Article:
When I first sought help for PTSD in 2011 I was convinced it was all about my work and the deployments. I was angry, fuck I was pissed! A lot shit had happened on my watch, I was frustrated but didn’t know how to express it then because I didn’t truly understand where my anger came from. I knew what PTSD was but I didn’t know what moral injury was.
It took me many years of slow work talking to therapists, trying out different medications before I found what worked best for me. The turning point was Project Trauma Support. Part that was the timing in my life but the bigger part was the approach that Dr’s Joannou and Besemann had toward our injury. It was here as well, starting with that very first day where we had to present a childhood photo that it really clicked that the injury and pain I was dealing with was far deeper and older than what happened in the Army.
I still struggle with this but I do accept it as true. That is the feeling of pure anger I felt when I was cornered into advising a commanding General against an air assault on a target based on faulty information that he wanted me to support with my own sources thereby validating the target. The attack went through, they missed the target and killed a lot of civilians. It is very hard for me to get that the anger I felt at not being heard was the very same anger from when I was seven years old and was blamed for not protecting my mother when we were mugged in the street at knife point. The same anger I felt when a girlfriend ignored my concerns and told me to suck it up, and later when an intimate partner told me to take it like a man and my wife told me I was to sensitive. These were the same as when I was ordered to lead a night patrol into Serbian territory where the roads were known to be mined, I was ignored when advised not to give life saving information to a friendly patrol in Afghanistan that got hit. Or the time I objected to a hostage extraction plan that was to use the same extraction route as the ingress.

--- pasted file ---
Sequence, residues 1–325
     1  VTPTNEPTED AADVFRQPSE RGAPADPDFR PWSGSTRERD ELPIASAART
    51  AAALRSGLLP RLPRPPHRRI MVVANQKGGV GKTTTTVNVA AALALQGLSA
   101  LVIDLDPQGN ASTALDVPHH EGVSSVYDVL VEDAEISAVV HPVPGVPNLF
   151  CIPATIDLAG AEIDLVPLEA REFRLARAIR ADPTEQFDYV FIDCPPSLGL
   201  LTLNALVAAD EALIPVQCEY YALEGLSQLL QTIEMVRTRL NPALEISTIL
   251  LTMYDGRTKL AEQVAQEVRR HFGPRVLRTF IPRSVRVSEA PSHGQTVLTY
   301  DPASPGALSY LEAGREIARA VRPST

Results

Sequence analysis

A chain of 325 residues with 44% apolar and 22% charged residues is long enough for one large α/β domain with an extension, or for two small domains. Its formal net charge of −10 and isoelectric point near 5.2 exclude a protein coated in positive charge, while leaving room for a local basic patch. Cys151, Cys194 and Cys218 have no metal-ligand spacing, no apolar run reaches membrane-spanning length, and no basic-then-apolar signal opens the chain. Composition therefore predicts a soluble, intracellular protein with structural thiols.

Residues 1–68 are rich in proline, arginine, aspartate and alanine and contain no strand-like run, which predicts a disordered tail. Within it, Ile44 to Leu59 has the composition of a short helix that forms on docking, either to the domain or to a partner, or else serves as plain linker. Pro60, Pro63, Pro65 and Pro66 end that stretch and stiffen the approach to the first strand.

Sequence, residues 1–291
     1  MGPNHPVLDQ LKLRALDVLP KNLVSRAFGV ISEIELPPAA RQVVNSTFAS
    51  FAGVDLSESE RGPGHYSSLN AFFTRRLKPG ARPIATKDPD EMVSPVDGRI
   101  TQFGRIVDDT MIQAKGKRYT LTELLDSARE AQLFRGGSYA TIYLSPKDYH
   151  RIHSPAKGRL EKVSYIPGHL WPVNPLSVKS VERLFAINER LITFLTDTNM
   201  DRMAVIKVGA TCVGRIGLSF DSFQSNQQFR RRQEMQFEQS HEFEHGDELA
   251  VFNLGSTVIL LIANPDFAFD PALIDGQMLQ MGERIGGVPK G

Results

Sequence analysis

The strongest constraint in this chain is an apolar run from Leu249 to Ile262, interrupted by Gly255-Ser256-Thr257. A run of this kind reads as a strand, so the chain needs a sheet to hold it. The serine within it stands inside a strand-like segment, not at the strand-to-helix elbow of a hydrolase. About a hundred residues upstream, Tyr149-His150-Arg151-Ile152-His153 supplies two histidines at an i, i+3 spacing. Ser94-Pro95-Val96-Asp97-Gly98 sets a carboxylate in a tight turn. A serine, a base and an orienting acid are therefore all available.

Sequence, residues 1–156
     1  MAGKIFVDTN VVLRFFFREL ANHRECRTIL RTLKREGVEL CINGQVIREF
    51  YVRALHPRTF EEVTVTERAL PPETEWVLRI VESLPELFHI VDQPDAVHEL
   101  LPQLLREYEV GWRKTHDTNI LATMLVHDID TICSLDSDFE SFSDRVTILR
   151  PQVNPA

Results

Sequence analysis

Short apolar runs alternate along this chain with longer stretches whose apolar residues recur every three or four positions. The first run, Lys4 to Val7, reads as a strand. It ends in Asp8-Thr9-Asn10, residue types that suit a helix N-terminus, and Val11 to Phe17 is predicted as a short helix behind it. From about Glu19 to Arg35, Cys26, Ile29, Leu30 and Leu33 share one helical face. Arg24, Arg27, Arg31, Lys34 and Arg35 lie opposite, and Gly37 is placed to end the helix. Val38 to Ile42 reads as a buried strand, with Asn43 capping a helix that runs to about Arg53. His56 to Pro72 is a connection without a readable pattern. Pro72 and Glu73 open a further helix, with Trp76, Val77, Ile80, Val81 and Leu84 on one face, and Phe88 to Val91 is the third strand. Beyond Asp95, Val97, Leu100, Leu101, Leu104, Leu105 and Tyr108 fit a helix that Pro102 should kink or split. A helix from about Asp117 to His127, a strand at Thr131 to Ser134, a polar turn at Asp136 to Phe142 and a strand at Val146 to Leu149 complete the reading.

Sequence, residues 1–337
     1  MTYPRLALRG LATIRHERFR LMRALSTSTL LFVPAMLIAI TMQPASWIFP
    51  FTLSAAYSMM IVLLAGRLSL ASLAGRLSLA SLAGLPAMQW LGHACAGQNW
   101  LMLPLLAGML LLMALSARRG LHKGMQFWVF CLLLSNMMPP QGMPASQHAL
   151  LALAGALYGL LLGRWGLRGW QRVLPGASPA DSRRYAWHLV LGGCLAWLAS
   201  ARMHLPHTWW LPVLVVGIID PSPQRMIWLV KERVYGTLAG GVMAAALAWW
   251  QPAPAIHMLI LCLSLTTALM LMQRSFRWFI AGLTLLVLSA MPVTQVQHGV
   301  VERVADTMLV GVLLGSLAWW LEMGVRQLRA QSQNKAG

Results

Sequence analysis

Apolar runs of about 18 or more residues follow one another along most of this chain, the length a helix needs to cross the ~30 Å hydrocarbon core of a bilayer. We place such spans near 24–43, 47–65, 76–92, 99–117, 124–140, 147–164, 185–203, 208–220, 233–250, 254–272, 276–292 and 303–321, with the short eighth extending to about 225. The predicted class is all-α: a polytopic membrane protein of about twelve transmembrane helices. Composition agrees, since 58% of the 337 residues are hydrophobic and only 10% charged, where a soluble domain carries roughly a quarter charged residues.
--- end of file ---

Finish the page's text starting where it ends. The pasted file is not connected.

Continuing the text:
What do all these have in common for me. I was not heard. I had a voice, I had offered alternate choices and was ignored. The source of my pain and injury was not being heard. It still is. This is the source of my challenging relationship with women and with authority, which of course only got worse since I didn’t understand this and went through one bad relationship after another and also became an officer, an authority figure.
After PTS in 2017 my last marriage fell apart, thankfully, I stopped drinking, I quit my job for mental health reasons and pursued art as my outlet. I then somehow met the most amazing woman in my life and am so lucky to be with her still. This has changed me dramatically. I have found helpful healing words in the writing of Buddhist monk Thich Nhat Hanh, Herman Hesse, John O’Donohue and Brene Brown.
Now in a better place I dig into the pain of the hurt I feel and it gets easier each time and it makes it easier to talk about. Being heard and feeling understood for me was the key to opening my heart and letting the anger go. Getting to that point happened in large part because of PTS, though it also took a lot of hard work on my part and it still takes work every day. Many days that work is simply being gentle with myself, giving myself permission to go easy if I’m feeling down. It takes discipline each day to continue the healing journey. This means for me, getting outside for exercise, eating well, meditating, practicing art and extending that gentleness to my partner. I know it is helping and I know it’s worth it. I know there is a light inside me that is beginning to shine through.
I also know that each one of you also has that light within. Your journey is your own, but you aren’t alone. Your experience is unique to you but the answers are the same for all of us.